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Do you have any interesting details or stories of this particular aircraft or aircraft type? Did you fly or maintain it during its active service? We are trying to build a database of information on all the aircraft that have passed through AMARC to provide our visitors with another perspective of these fine aircraft. If you can help please fill the boxes below with your details and any information you can provide us with.




#4 Charles V. Governale BIG DAD RAT  2010-07-24 00:00
1984-1991 I was a member of the 7th ACCS. Keesler AFB MS Was an ACC on the plane for a short time. Went through refurb and several ISO inspections. Great deal of work went into the plane Airplane had two different nav systems. Pilot and Co Pilot nav system was different. I don't remember details. During a depot work system was set up this way due to problems with systems. The plane was finally converted back to both systems the same. Hopefully someone else will read and clear this part up.
#3 Roger R. Smith  2005-09-08 00:00
This aircraft was assigned to the 7th ABCCC at Udorn Thailand in 1968. Was a great flying plane, we only had five planes, and had to fly four everyday. If one was in phase inspections, you were left with four and they had to go. 1836, 1809, 1857, & 1818 were there when I was jeep cc and they are all still flying except 1809, lost in the desert. Great airplanes.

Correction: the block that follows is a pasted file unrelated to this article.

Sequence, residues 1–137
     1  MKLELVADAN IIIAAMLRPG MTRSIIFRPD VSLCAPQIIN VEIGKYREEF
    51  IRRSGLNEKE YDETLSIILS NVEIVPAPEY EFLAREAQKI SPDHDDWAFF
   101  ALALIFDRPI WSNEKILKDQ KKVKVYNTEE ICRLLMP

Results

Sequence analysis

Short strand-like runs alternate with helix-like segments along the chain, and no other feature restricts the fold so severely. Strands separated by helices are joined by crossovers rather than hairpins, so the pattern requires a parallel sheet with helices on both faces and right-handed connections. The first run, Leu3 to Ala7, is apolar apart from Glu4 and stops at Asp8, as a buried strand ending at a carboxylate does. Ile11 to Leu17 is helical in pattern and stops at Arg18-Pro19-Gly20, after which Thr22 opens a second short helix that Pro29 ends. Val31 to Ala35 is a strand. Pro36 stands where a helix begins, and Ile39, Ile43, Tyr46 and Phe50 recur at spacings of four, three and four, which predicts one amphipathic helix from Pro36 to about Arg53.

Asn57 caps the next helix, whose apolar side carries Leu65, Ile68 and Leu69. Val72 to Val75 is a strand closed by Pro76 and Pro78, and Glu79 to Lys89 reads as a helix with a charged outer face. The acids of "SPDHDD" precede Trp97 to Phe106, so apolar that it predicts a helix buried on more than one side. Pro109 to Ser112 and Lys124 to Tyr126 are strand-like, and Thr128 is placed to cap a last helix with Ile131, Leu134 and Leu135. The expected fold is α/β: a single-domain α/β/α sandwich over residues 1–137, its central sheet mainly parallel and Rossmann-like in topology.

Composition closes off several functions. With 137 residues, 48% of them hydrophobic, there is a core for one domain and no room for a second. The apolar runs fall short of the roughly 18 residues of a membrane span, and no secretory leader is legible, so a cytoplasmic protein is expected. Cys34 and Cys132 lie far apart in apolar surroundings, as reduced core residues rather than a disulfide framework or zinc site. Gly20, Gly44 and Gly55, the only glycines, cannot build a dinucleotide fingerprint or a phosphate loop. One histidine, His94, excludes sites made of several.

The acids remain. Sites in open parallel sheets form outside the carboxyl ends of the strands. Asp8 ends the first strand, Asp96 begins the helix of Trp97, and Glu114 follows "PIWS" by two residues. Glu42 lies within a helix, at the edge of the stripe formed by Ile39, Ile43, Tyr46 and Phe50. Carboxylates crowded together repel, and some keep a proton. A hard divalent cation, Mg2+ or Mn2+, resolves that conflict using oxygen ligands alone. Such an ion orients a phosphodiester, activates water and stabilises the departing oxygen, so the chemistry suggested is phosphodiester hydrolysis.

#2 Scott Doremus   2005-07-15 00:00
1825 was also used in Project Honey Badger. This was a follow on to the failed Operation Eagle Claw. For Honey Badger, aircraft 62-1818 & 62-1825 (62-1809 was destroyed at Desert One and 62-1857 was in PDM) were borroed from the 7th ACCS and flown by the 8th SOS. The purpose of Honey Badger was to practice techniques for use in a possible second rescue attempt of the American hostages being held in Iran.
#1 Scott Doremus   2005-06-28 00:00
This aircraft served as an ABCCC (Airborne Command and Control Center) aircraft for most of it's operational life. It was first modified to carry ABCCC in 1965 and flew several thousand hours as part of the 7th ACCS in SEA. Eventually it bedded down with the unit at Keesler AFB and stayed there from 1975 until 1994 when it moved with the unit to Davis-Monthan AFB (at this time the unit was redesignated the 42nd ACCS). In Sept 1993 while supporting operations in Bosnia from Aviano AB, Italy, 62-1825 supassed 30,000 flight hours. At the time it held the record of having more hours on it than any other active duty C-130. The aircraft had a colorful mural painted in the flight deck above the flight deck stairs and was known as "The War Wizard". She had -15 engines and in-flight refueling (UARRSI) capability. She was a good airplane and deserves to be in a museum.

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